kurimanzutto is honored to announce the first exhibition in Mexico by artist Paulina Olowska. Resonance gathers a series of works made in situ and others prepared during the artist’s previous travels to Mexico.
Paulina Olowska often works with references from the past that appear in her pieces as ghosts and apparitions, vibrations of another era that interfere with her pictorial creations. In Resonance, Olowska makes direct reference to the archive of artist and fashion photographer Deborah Turbeville from MUUS Collection. Turbeville’s photographic sessions in Poland and in Mexico in the 80’s and 90’s inspired Olowska to recreate some of the scenes and respond to many of the mysterious and fleeting images in her work.
"What I share with Deborah is a certain melancholia for fashion. That fashion has a symbolic dimension also connected to womanhood. But what she did with fashion is like what she did with photography –she distressed it, distanced it, she used it in metaphoric senses to bring it back to historical figures and places,” says the artist.
In search of traces from Turbeville’s visit to Mexico in 1989, Olowska travelled there in 2022 and collaborated with painter and muse Carmen Serratos and photographer Karla Ximena Cerón. Together they reactivated and performed tableaux vivants in different sites in connection to Tuberville’s residence in San Miguel de Allende, where she had bought an 18th century house (currently called Casa No Name), and the mining ghost town of Mineral de Pozos to recreate and reimagine scenes from the fashion photographer’s imaginary among the ruins, the opuntia cacti and the abandoned cemetery.
Later on in Kraków, Olowska photographed the Potocki Palace where Turbeville worked on an award-winning fashion shoot for W Magazine in 1998 as well as the Tadeusz Kantor Theater and the Michalik Cave, a 19th century cabaret. During this journey to the sites of the artist’s past Olowska recreated Turbeville’s images with photographer Jacqueline Sobiszewski. With images collaged out of these new visual references and materials, Olowska recomposes additional scenes directly on the gallery walls in collaboration with Wanda, a wall printing robot.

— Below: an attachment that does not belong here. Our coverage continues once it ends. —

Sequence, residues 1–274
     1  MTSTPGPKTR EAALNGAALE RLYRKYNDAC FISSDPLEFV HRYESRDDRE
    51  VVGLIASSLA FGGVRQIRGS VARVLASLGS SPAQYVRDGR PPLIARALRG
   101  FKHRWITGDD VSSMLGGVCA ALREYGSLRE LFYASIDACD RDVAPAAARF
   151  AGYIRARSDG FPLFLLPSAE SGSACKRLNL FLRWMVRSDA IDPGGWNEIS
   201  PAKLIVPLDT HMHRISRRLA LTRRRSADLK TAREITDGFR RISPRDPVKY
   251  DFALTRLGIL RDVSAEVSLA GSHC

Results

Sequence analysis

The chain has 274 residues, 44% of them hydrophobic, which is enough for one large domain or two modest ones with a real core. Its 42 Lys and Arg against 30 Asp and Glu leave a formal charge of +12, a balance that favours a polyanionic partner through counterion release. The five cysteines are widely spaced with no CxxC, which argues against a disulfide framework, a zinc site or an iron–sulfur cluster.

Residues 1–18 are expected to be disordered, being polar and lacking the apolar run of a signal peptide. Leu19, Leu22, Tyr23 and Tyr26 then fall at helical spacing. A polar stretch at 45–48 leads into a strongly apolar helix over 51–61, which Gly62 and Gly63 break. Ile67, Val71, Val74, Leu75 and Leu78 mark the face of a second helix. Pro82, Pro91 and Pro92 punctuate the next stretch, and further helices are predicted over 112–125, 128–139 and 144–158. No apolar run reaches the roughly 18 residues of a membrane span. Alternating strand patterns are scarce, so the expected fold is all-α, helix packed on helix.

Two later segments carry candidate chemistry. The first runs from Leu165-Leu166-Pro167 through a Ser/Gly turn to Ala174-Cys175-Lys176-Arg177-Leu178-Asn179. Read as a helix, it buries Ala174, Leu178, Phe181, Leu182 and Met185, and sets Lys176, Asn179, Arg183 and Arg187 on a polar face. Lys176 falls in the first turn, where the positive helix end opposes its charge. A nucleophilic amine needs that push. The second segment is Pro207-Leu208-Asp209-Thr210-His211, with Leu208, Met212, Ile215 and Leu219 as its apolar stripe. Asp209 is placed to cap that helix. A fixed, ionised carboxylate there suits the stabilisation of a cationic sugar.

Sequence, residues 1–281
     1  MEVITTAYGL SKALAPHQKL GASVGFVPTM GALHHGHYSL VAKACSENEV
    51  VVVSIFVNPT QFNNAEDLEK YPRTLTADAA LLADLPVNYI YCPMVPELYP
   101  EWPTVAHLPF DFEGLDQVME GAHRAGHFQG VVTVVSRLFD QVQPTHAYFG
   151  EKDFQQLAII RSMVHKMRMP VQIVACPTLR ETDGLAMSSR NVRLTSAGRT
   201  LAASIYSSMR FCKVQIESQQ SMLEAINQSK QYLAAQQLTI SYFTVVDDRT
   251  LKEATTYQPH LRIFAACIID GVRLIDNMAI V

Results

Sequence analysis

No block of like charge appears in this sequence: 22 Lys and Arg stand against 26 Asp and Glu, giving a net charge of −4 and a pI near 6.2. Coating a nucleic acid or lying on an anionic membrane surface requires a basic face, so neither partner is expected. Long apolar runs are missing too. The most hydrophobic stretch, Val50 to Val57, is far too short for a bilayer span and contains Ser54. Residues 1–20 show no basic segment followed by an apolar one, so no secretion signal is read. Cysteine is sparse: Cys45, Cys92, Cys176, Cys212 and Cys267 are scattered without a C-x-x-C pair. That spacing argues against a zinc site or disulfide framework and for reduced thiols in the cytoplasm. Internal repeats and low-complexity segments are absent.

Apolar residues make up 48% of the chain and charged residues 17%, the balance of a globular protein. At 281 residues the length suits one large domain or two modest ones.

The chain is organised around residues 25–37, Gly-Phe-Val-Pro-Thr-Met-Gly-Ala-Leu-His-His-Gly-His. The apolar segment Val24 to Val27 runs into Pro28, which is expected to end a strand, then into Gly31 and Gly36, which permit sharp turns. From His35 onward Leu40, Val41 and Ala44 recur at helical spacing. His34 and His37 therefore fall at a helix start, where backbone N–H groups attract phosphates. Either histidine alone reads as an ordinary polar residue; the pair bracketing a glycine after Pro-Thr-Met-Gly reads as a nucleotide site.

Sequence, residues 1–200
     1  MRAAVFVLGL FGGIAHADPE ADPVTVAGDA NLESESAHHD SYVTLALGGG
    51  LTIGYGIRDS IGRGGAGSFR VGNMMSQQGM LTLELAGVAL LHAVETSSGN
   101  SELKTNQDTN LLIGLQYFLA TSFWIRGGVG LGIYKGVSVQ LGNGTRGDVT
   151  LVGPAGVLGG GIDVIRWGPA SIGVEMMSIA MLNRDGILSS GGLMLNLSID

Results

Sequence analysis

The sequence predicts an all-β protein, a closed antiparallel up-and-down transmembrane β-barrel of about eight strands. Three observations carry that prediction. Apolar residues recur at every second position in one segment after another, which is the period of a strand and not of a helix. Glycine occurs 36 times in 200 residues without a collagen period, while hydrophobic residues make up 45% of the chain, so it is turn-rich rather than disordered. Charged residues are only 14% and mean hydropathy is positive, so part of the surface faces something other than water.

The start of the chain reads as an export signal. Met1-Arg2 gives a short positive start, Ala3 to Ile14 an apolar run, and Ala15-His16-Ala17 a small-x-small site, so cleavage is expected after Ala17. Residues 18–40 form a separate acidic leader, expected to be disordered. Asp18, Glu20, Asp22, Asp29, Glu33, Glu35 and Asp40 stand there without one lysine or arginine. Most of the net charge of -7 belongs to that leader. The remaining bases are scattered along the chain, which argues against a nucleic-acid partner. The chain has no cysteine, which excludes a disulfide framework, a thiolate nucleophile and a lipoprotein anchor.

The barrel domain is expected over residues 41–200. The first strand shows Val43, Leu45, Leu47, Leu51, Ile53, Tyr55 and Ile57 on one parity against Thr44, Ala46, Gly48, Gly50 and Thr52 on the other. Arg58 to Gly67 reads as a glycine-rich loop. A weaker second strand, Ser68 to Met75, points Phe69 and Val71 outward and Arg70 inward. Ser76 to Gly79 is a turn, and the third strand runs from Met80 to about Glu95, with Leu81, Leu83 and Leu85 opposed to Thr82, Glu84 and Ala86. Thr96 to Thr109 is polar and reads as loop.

For Resonance, Olowska expands her practice beyond painting, working with the stone mason workshop of Joel Arrieta in Mexico to carve images evoked from Turbeville’s photographs into several limestone sculptures. These new works on view are exhibited alongside a selection of original archival materials from MUUS Collection showing Turbeville’s trips to Mexico and Krakow.
Paulina Olowska was born in 1976 in Gdansk, Poland, and lives and works in Rabka Zdroj, Poland. She is currently doing an artist residency in Athens, Greece and has had one-person exhibitions at Kunsthalle Basel; the Stedelijk Museum, Amsterdam; and the Zacheta National Gallery of Art, Warsaw.
Olowska received the prestigious Aachen Art Prize in 2014, with an associated exhibition at the Ludwig Forum for International Art, Aachen, Germany. She has also staged performances at Tate Modern, the Carnegie International, and the Museum of Modern Art, New York.
She presented the ballet “Slavic Goddesses—A Wreath of Ceremonies” at the Kitchen, New York, in 2017 and "Slavic Goddesses and The Ushers” at the Museo del Novecento in Milan in 2018. Her work was featured in the 2017 National Gallery of Victoria Triennial in Melbourne and the 2018 Liverpool Biennial, as well as in group exhibitions at the Museum of Modern Art, Warsaw; mumok, Vienna; Hamburger Kunsthalle, Hamburg; Migros Museum Für Gegenwartskunst, Zürich; and the New Museum, New York.
Deborah Turbeville, an American artist and photographer born in Stoneham Massachusetts in 1932. Turbeville moved to New York and was discovered by the American fashion designer Claire McCardell, who hired Turbeville as an assistant and house model. While working for McCardell, she met Diana Vreeland, then the famed editor of Harper’s Bazaar; their introduction eventually led to Turbeville being offered a job as an editor at the magazine.
Disinterested in the editorial work she was doing at Harper’s Bazaar and later at Mademoiselle, she purchased a Pentax camera in the 1960s and began experimenting with photography, ultimately enrolling in a workshop taught by photographer Richard Avedon and art director Marvin Israel in 1966. Following their tutelage, she began her career in photography, primarily working for fashion magazines like Vogue, Harper’s Bazaar, and Mirabella, though she didn’t consider herself a fashion photographer.
Turbeville died in 2013, having left an indelible mark on the world of photography; she is often credited with transforming fashion imagery into avant-garde art. Her work is collected by esteemed institutions including the Whitney, Getty, Centre Pompidou, and Victoria & Albert museums among others.
The MUUS Collection believes in the unique power of photography as an inimitable touchstone of collective cultural memory. As a functional archive, MUUS builds, preserves, studies, and shares its collections of photography to generate new scholarship and understanding, while instigating interesting and relevant dialogues within the wider photography community. MUUS preserves and promotes invaluable artifacts for generations to come and is committed to keeping photographic memory alive through exhibitions, donations, and scholarship.
kurimanzutto would like to thank MUUS Collection for their support of this project.